>     Some customers try to save memory by using a very small code cache.
>     It's very annoying that so much memory gets wasted for such a large
>     number of idle compiler threads which hold their arenas etc.
>     Maybe the current formula was optimized for a special scenario with
>     many slow cores? Maybe SPARC Niagara?
>     Shouldn't such scenarios use a large code cache? Maybe much more
>     than 240MB?
>     Best regards,
>     Martin
>     *From:*Igor Veresov [mailto:igor.veresov at oracle.com]
>     *Sent:*Donnerstag, 1. März 2018 08:05
>     *To:*Vladimir Kozlov <vladimir.kozlov at oracle.com
>     <mailto:vladimir.kozlov at oracle.com>>
>     *Cc:*Doerr, Martin <martin.doerr at sap.com
>     <mailto:martin.doerr at sap.com>>;
>     hotspot-compiler-dev at openjdk.java.net
>     <mailto:hotspot-compiler-dev at openjdk.java.net>
>     *Subject:*Re: RFR(S): 8198756: Limit number of compiler threads for
>     small code cache
>     I’m curious about the rationale for tying the number of thread to
>     the size of the code cache. Is it because you don’t want them to
>     keep holding the space for their code buffers when they are idle?
>     igor
>         On Feb 27, 2018, at 10:19 AM, Vladimir Kozlov
>         <vladimir.kozlov at oracle.com <mailto:vladimir.kozlov at oracle.com>>
>         wrote:
>         Hi Doerr,
>         The problem with your proposal is that we don't use scale number
>         of compiler threads when we have a lot of cpus (>1000 on big
>         "slow" machines).
>         By default for tiered compilation we have 240Mb for CodeCache.
>         With your formula we always will have 7 threads (2 C1 and 5 C2)
>         which could be fine if machine has < total 32 procs/threads. But
>         for big machines it may be bottleneck for JIT compilation
>         intensive applications (and for startup when most JIT
>         compilations happened).
>         Main motivation of current approach was to reach peak
>         performance (c2 compilations) as fast as possible. What we
>         usually observed before is large compilation queue for C2
>         compilation because slow throughput of C2. It was especially
>         visible with tiered compilation when compilation thresholds
>         reached faster with first tier compiled profiling code.
>         And I agree that we may have problem with number of compiler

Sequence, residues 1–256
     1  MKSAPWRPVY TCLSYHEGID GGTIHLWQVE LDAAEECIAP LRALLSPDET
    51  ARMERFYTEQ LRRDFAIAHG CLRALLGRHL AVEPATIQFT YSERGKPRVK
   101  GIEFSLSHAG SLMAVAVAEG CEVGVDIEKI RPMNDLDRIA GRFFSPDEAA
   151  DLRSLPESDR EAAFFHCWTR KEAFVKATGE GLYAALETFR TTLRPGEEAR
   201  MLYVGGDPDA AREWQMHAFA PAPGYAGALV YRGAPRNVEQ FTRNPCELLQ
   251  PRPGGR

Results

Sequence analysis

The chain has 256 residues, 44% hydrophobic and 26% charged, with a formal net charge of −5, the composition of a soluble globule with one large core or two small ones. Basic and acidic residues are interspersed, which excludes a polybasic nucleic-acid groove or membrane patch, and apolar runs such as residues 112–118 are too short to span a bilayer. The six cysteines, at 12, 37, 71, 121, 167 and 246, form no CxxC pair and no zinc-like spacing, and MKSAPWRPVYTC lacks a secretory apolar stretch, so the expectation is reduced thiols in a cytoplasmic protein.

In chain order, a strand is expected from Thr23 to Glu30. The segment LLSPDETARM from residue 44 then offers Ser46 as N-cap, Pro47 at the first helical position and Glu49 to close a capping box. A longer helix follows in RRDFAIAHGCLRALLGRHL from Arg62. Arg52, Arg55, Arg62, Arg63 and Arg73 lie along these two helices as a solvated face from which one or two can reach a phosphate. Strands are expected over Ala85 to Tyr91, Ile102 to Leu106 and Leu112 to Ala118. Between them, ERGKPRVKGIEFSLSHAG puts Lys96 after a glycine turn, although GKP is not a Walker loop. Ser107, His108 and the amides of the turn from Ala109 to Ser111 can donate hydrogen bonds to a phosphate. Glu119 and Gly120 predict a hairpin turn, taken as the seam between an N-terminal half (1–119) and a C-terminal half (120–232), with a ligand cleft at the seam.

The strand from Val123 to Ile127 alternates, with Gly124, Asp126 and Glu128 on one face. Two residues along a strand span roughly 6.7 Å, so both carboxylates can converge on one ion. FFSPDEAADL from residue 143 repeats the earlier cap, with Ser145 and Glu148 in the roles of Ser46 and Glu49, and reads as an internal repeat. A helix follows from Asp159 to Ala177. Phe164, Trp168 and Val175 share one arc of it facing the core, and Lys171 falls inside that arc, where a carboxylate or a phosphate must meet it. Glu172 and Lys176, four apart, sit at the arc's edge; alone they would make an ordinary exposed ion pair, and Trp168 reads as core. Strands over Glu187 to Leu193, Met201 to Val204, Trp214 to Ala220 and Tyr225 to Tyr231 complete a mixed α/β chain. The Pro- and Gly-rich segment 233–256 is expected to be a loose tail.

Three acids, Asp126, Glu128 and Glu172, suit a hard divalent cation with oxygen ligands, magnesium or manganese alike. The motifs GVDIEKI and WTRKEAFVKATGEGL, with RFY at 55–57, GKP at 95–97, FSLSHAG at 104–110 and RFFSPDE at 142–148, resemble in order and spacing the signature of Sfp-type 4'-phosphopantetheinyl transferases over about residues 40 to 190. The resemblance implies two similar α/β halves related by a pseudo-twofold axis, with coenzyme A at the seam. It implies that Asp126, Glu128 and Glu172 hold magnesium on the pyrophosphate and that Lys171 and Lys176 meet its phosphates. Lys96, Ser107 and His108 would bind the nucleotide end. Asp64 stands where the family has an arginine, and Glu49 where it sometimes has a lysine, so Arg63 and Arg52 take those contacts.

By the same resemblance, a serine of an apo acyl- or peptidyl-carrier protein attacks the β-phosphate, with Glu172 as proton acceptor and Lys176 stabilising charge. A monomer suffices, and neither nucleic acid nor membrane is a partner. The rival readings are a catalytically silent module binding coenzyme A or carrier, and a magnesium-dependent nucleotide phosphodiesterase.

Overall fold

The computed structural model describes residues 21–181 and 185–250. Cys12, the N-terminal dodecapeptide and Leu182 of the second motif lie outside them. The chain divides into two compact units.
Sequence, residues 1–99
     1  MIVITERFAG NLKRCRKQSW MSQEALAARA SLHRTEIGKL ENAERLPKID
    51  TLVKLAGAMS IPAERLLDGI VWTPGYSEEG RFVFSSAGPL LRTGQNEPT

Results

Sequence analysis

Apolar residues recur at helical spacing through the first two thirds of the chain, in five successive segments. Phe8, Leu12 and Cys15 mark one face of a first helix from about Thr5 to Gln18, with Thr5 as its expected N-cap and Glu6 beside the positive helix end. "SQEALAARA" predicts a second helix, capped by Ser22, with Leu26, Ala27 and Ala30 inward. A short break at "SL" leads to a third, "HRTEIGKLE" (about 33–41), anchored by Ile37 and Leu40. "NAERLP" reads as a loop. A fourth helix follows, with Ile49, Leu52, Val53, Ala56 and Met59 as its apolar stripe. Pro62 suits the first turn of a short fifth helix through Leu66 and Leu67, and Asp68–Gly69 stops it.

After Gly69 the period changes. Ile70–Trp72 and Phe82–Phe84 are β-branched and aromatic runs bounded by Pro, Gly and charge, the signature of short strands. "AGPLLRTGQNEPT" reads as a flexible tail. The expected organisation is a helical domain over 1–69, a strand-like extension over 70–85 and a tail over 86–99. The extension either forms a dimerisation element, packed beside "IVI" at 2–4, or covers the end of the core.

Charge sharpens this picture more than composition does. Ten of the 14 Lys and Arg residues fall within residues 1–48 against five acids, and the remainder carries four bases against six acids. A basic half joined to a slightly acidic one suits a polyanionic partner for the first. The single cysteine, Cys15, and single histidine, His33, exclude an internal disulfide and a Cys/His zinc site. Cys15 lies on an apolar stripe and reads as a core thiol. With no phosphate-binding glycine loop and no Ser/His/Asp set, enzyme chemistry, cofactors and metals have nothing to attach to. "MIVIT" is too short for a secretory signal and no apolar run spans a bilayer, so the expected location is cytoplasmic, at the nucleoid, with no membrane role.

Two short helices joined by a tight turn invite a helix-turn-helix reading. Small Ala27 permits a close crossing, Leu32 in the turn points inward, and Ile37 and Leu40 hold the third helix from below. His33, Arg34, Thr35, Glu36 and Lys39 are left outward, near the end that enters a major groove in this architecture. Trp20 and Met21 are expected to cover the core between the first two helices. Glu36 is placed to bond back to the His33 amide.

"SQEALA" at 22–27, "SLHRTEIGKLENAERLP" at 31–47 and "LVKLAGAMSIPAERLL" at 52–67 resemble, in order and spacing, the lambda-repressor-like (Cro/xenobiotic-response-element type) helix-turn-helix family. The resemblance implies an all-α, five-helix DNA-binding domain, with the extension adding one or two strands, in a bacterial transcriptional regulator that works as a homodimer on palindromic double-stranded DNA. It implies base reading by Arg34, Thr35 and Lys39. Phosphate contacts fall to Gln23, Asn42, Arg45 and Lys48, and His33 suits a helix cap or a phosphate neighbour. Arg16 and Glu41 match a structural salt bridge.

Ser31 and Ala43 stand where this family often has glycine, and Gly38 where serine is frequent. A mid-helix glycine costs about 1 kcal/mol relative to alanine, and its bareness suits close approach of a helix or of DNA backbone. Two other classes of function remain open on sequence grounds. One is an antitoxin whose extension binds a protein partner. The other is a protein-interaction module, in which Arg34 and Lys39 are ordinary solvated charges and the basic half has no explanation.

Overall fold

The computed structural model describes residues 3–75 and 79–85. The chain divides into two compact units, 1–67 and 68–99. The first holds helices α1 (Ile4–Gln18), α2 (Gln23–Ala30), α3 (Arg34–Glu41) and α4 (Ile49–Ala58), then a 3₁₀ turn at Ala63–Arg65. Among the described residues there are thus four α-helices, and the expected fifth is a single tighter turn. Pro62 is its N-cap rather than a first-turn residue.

>         threads at the beginning of graph (< 32 cpu threads) when the
>         number grows too fast:
>         Graph for3*​log2(​x)*​log2(​log2(​x))/​2
>         -60-55-50-45-40-35-30-25-20-15-10-55101520253035404550556065707580859095100105110115120125130-35-30-25-20-15-10-55101520253035404550556065x:
>         32.0711217y: 17.4325495
>         May be we should have a formula which takes into account code
>         cache size and number of cpu threads.
>         Igor Veresov was original developer of current formula. It would
>         be nice to hear his opinion.
>         Thanks,
>         Vladimir
>         On 2/27/18 8:10 AM, Doerr, Martin wrote:
>             Hi,
>             the VM currently starts a large amount of compiler threads
>             on systems with many CPUs regardless of the code cache size.
>             This doesn't make sense for very small code cache sizes.
>             The dynamically determined number of compiler threads can be
>             observed by:
>             jdk/bin/java -XX:ReservedCodeCacheSize=128m
>             -XX:+PrintFlagsFinal -version|grep CICompiler
>             I suggest not to use more than 1 compiler thread per 32MB of
>             code cache:
>             http://cr.openjdk.java.net/~mdoerr/8198756_CompilerCount/webrev.00/
>             <http://cr.openjdk.java.net/%7Emdoerr/8198756_CompilerCount/webrev.00/>
>             This seems to be conservative.
>             Please review and let me know if you have a different
>             limitation proposal.
>             Best regards,
>             Martin